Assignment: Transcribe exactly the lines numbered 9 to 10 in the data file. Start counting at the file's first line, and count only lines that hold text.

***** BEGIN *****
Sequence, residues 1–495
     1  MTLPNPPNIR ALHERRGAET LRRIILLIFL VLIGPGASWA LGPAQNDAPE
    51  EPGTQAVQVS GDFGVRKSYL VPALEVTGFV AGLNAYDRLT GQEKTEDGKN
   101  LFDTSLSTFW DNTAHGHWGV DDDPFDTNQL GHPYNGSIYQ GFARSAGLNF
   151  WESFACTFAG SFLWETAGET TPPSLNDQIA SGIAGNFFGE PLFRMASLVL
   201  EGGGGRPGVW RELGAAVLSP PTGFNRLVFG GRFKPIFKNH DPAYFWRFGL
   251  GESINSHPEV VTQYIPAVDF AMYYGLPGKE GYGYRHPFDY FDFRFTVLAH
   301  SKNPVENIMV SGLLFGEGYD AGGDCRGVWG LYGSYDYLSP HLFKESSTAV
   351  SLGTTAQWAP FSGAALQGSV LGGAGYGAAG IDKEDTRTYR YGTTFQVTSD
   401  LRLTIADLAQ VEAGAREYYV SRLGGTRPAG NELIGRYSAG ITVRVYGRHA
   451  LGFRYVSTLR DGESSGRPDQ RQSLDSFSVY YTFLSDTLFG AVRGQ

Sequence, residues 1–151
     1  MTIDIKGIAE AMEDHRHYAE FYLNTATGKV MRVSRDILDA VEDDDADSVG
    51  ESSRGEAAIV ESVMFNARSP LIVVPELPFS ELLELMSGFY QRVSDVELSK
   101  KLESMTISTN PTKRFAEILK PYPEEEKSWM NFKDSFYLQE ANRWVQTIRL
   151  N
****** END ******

   351  SLGTTAQWAP FSGAALQGSV LGGAGYGAAG IDKEDTRTYR YGTTFQVTSD
   401  LRLTIADLAQ VEAGAREYYV SRLGGTRPAG NELIGRYSAG ITVRVYGRHA